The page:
One night a carload of teenagers drove up.  Boys and girls, their faces lit sporadically by the glowing ends of cigarettes, a single flashlight.  They brought sleeping bags and sheltered in the front part of the house in rustling pairs, left with the sun, looking sheepish and bleary.   The man stood in the back yard and watched them go, unnoticed.  He collected their beer bottles, swept away their trash.  More would come, he knew.  The weather was turning.

The sheriff came on a Saturday.  They talked in the yard for a few minutes, then went around back and in through the kitchen.  The man had been cleaning his boots and they were sitting in the middle of the floor on a sheet of newsprint.  The sheriff walked through the rooms with his hands on his hips, saw the tidiness of it, the cot in the back bedroom, the shirt and pants hanging from the rope in the bathroom.

“You know the Fairfields?  The people who own this place?” he asked, coming back into the kitchen.

The man said, “I’m not doing any harm,” and the sheriff nodded, considered.

“Well,” he said and got back into his car.  When he left, a plume of dust hung in the air and over the road outside the house.  The man let out a long breath.

In the pantry, he found a tin box.  It was on the very top shelf pushed as far back as it would go.  The scavengers had missed it all these years.  It was light blue, painted over with roses.  Jesse had put their marriage license inside, and the only photograph they had together, taken after their wedding.  The man took the photo out to the light.  He couldn’t read the thin handwriting on the back, but he saw their faces, the ones who had lived here too.  Jesse was blond, with a dimple in her left cheek and a pointed chin.  Frank was lean, dark curls falling over his forehead, looking like he’d just won the biggest prize at the county fair.  The photo was bent slightly at his face, the way it would be if someone had run their thumb across the image time after time.  The man put the photo and the marriage license back into the box and closed it up again.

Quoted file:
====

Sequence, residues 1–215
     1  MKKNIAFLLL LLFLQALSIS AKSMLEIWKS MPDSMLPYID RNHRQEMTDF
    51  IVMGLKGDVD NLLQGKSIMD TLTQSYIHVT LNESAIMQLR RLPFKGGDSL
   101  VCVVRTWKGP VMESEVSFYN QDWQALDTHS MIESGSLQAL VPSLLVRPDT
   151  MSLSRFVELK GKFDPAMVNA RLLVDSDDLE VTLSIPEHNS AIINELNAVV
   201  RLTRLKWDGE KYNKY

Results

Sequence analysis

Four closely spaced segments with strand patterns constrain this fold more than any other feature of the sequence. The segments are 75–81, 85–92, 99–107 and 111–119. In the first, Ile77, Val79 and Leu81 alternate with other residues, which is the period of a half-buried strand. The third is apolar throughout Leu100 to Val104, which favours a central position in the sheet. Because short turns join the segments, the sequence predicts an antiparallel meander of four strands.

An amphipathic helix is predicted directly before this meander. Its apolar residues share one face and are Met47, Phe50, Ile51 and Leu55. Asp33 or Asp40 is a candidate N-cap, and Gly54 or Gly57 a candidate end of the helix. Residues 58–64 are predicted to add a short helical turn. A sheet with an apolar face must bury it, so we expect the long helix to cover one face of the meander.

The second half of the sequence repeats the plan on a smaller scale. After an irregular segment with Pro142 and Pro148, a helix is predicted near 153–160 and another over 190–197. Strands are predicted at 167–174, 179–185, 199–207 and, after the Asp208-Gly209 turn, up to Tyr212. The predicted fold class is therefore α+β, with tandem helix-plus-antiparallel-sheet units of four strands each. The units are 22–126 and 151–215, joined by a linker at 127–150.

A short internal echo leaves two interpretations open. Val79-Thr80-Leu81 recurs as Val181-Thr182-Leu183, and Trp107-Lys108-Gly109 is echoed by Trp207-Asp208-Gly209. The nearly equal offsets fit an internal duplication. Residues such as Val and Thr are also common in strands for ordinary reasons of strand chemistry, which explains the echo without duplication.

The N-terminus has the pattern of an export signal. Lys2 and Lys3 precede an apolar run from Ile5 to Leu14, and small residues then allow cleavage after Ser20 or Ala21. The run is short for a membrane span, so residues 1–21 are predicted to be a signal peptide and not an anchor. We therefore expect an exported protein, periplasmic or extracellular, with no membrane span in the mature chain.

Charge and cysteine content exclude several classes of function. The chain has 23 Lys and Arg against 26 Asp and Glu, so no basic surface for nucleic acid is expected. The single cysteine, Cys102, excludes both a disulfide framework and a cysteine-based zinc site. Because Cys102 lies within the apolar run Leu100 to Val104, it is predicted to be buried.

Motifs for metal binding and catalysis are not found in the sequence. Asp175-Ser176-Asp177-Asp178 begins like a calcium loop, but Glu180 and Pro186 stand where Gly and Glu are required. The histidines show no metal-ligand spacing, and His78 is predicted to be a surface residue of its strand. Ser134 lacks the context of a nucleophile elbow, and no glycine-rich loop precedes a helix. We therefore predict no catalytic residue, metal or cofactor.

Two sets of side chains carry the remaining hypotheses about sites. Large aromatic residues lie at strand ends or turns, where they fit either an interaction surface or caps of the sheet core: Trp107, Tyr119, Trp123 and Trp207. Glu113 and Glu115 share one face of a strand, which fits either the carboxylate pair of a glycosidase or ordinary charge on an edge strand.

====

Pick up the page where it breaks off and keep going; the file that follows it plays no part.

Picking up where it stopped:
That night the moon was dark and the air was warm so he stood outside and looked at the stars, finding Ursa Major and then following the horizon until he found Castor and Pollax, the immortal brothers.  His mother used to tell their story on summer nights when he and his sister slept out on the lawn.  Coyotes began to howl nearby and he looked into the darkness, imagining them gathered, their tawny throats stretched, muzzles lifted.  He went inside and lay in the cot, remembering, until he fell asleep.

He was woken some hours later by the sound of breaking glass, male voices.  He’d barely got his feet on the ground before the flashlight found him.  There was a drunken shout, “Someone’s in here!”  And he squinted into the beam of light.  He could see the outline of shoulders, shapes moving toward him, and then he was grabbed roughly by the back of the shirt.  There were three of them, four?, and they pushed him into the middle of their circle.  My boots, he thought, regretting the nakedness of his ankles, the vulnerability of his bare feet.  Someone spit on the ground next to him and another kicked at him, and he knew he had to stand or they would forget he was a man, not a dog, not a creature to be beaten and tormented.  He pushed himself upright and held up his hands.

“Fellas,” he said, his own voice sounding deeper and stronger than he expected.  “What are you doing here?”

There was a bark of laughter.  “What are we doing here?”  More spit, aimed at his feet.

From behind him there was a crash, the sound of the cot being overturned.

“He’s got money here,” said an excited voice.  There went the summers of hard work, the carefully saved coins.

He turned, searching for the thief, and the first punch hit him just behind the ear.  He staggered.  Then it was a matter of holding his arms over his head, trying to ward off the worst of the violence by making himself tight and small.  The blows found him regardless.